PICTURES AND TRIP REPORTS FROM MY WALKS IN THE ENGLISH LAKE DISTRICT
For the last couple of years we seem to have had a few nice days just after the new year and I've taken the opportunity to have a night out on the fells. This year I didn't really have any fixed route in mind apart from starting from Ravenglass and wanting to try the route to Devoke Water via the neolithic settlement of Barnscar.
Sunny and cold as I arrive at Ravenglass. Even though I caught the 6am train it was gone 10 when I left the village on the path past the Roman ruins and join the Cumbria Costal path..
Looking into the sun and Black Combe.
Passing Newtown Knott the Stainton group of hills appear across the valley..
The Esk nearing the end of it's journey to the sea.
The path passes below Muncaster castle and the views start to open to the high fells. I have to brave a few hundred yards of the busy A595 although there is a narrow grass verge apart from Muncaster bridge where it's best to wait for a gap in the traffic and run !
Looking back to Muncaster castle from near Ellerbeck.
After passing the house at Ellerbeck, the path, ( such as it is ) climbs through this lovely ancient woodland..
I found out why this is not a well travelled routs as there are several fields to negotiate which are comprised of high tussocks with leg swallowing holes which even when semi frozen were really hard to cross..
The views of Great Gable on the left then Scafell and then Bowfell are great though.
A lonely tree surrounded by ancient stones near Barnscar.
Even to the untrained eye it's obvious that something has been going on this lovely wide open moor.
Looking to the Irish sea from Barnscar.
Eventually I reach Devoke Water.
Which was beautifully calm..
Looking past the boathouse to the giants around the head of Eskdale. Scafell on the left then (seemingly lower ) Scafell Pike then Ill Crag, Esk Pike and Bowfell.
From Devoke Water I headed for the farm and holiday cottages at Woodend. Caw is prominent in the distance.
Lovely light over the Scafell group.
After walking along the Birker Fell road for a while I thought I would follow the wall up on to Birker Fell rather than cut across country on the faint path. I have descended by this wall in the past and wanted to see if the path I remembered by the wall existed. It did and I thought that I preferred it to the boggy wander across the moor usually described in the guide books..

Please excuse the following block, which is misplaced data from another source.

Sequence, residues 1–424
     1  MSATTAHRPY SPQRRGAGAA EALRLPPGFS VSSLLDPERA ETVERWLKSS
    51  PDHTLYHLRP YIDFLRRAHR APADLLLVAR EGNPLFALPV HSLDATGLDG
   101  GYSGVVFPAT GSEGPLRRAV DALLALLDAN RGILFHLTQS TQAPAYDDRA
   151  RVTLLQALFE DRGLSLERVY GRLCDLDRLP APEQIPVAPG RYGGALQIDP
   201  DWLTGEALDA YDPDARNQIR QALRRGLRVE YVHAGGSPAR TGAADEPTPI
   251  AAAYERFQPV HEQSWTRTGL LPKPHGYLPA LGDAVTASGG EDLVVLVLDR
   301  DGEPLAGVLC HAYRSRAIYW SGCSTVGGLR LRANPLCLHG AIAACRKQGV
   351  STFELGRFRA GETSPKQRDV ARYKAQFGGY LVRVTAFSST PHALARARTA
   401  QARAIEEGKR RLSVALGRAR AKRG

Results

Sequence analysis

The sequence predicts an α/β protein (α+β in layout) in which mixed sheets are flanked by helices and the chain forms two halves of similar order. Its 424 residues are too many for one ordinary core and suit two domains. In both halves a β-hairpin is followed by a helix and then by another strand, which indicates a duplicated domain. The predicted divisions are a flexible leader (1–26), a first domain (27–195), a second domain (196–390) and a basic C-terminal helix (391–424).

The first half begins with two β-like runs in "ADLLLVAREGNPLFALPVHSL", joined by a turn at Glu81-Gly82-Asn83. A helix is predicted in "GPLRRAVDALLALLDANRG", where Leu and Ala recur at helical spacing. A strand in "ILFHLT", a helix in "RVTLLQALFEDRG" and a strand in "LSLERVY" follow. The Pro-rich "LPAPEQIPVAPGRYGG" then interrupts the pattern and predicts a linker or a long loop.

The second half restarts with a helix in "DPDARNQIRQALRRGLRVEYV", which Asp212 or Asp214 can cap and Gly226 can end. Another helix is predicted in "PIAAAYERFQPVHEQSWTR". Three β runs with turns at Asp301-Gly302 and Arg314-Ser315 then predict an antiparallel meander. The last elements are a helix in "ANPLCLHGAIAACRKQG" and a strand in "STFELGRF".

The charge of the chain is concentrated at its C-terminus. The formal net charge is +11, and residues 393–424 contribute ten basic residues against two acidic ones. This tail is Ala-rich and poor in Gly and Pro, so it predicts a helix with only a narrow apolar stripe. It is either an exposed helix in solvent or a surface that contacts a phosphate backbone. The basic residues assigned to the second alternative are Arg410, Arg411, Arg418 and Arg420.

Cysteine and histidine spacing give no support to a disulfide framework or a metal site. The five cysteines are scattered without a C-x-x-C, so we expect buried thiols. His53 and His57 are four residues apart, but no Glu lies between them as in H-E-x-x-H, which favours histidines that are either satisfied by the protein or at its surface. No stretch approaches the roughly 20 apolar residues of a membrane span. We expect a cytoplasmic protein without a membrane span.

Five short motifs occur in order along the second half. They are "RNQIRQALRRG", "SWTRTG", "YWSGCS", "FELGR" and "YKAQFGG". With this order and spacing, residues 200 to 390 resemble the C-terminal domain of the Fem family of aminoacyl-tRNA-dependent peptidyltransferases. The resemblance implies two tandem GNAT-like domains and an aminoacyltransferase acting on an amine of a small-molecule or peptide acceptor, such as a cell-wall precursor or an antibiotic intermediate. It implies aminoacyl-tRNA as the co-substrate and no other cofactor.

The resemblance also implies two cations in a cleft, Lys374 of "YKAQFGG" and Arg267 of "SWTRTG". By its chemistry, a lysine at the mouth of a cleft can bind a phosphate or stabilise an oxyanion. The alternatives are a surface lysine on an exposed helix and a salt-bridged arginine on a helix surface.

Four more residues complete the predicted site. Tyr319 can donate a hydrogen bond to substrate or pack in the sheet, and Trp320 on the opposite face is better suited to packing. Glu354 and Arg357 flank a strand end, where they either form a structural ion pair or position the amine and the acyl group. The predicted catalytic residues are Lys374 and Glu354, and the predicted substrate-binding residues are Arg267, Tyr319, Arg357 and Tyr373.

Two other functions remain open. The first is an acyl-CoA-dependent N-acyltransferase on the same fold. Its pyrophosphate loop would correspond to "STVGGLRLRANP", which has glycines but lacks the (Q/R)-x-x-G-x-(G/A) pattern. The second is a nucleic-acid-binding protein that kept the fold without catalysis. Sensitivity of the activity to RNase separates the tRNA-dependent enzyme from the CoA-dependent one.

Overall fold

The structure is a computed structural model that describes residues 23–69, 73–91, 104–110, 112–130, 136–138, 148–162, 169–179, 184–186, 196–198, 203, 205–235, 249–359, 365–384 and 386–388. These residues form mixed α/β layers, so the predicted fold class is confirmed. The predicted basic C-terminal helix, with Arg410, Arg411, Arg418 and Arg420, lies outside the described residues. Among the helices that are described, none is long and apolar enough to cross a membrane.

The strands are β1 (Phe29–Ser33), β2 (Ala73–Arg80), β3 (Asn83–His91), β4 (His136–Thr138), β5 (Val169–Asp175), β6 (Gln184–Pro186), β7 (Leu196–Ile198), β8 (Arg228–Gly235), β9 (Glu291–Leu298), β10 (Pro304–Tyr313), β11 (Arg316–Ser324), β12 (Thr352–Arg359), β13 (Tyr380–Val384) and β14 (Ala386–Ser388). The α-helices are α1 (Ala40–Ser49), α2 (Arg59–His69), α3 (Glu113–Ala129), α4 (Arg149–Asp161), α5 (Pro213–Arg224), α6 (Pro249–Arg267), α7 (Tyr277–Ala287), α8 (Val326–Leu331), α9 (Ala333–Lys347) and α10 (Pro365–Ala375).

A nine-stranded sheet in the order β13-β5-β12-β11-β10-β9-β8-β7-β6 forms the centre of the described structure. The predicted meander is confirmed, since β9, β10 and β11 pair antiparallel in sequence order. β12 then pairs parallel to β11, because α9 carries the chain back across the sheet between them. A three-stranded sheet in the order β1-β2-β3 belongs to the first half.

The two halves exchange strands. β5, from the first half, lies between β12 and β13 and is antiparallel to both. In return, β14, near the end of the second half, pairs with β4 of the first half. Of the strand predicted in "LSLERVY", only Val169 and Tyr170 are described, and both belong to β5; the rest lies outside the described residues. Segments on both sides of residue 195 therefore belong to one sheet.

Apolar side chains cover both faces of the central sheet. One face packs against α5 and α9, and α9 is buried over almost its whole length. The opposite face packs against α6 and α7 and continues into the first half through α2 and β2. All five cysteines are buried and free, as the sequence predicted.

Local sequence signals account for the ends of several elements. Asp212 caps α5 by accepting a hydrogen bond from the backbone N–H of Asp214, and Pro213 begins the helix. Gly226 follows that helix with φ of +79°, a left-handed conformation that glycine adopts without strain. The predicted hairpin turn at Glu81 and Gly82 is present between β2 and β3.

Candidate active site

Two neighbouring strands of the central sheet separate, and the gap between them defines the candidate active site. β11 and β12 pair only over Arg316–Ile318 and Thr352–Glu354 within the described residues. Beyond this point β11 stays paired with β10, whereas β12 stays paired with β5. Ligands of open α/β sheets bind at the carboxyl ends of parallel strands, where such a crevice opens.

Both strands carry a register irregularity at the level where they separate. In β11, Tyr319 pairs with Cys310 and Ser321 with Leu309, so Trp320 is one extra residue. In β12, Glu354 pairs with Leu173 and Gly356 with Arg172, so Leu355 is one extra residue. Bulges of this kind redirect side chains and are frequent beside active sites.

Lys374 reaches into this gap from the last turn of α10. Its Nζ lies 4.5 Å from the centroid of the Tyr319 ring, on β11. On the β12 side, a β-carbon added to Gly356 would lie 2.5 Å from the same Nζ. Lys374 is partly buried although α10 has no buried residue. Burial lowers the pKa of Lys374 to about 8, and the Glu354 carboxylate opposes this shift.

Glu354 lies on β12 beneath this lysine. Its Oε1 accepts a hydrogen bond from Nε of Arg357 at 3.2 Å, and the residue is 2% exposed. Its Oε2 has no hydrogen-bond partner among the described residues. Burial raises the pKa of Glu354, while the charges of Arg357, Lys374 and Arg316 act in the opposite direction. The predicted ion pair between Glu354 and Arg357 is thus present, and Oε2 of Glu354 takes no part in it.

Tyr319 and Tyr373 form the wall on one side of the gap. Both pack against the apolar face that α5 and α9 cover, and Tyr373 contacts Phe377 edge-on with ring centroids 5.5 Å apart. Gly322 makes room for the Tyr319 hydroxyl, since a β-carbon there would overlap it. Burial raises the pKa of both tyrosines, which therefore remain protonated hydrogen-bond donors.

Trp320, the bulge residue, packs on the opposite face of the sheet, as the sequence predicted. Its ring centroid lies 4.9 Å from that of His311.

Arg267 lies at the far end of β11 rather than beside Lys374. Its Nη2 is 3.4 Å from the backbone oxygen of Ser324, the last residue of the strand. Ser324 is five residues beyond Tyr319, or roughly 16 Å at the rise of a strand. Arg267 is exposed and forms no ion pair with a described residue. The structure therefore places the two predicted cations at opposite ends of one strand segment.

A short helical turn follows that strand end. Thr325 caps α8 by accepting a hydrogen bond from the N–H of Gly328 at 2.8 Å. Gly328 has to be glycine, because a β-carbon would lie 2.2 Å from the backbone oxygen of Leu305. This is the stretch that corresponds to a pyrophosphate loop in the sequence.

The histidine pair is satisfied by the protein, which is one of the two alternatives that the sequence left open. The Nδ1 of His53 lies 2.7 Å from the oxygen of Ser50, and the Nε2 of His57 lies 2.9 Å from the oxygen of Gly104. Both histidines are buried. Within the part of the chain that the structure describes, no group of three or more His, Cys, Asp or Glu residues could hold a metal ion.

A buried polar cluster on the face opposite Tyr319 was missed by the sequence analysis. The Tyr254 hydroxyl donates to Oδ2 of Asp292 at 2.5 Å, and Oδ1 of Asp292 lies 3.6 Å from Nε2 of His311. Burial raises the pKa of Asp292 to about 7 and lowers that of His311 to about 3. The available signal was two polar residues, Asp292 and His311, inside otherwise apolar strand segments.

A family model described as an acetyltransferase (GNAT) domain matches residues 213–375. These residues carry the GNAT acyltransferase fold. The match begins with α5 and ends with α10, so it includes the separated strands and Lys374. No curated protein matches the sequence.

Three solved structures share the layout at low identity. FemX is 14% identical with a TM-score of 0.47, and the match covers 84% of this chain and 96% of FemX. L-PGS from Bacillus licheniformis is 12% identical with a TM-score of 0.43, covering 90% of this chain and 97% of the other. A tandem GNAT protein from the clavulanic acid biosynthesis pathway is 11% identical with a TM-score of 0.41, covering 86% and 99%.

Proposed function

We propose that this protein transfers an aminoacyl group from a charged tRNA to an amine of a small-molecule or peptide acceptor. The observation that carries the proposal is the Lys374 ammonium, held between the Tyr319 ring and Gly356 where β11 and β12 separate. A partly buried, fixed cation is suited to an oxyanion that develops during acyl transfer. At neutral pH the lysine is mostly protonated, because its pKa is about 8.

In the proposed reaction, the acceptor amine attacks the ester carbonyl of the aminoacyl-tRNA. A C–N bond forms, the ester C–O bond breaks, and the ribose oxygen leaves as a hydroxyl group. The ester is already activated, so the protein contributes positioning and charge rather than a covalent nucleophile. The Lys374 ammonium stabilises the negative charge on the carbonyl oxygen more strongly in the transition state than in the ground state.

Looking over the ancient and distinctive field system to the Dunnerdale fells with Pikes and Caw on the left, Stickle Pike and Tarn Crags on the right and the Fox Haw / Raven's crag ridge in the middle..
Winter sunshine on the fells to the south west..
I did think I might make it to Harter Fell but time was against me so I looked for a place to camp between White How and Green Crag..
Which was not a bad spot.
Looking over to Green Crag.
A lovely end to the day. Although it's not yet 4 o'clock.
There was a cold northerly blowing but I was nicely sheltered. The Coniston fells in the background.
Unfortunately Thursday was a very dull day and the sun never showed itself.
With the dull weather ( and I was feeling a little lazy ) I decided to return to Ravenglass by way of Eskdale. This is Slight Side and Scafell from the path under Green Crag..
Looking back to Crook Crag and then Green Crag..
Passing above Birker Tarn.
I diverted off the path to the valley to have a look at Birker Force.
The old peat hut on the path down.
The old peat road is a nice easy way to descend ( and ascend ) .
Looking up to Birker Force whilst walking down by the Esk.
The only uphill section on my way back is the climb up Chapel Hill on the Esk Trail. The high fells are lost in the murk
Friendly Robin on the path.
Passing by Muncaster Tarn, again as flat as a mill pond. One of the main features of the two days was the almost complete absence of wind.
Walking in the footsteps of the Romans down Fell Lane
Looks like my navigation was spot on.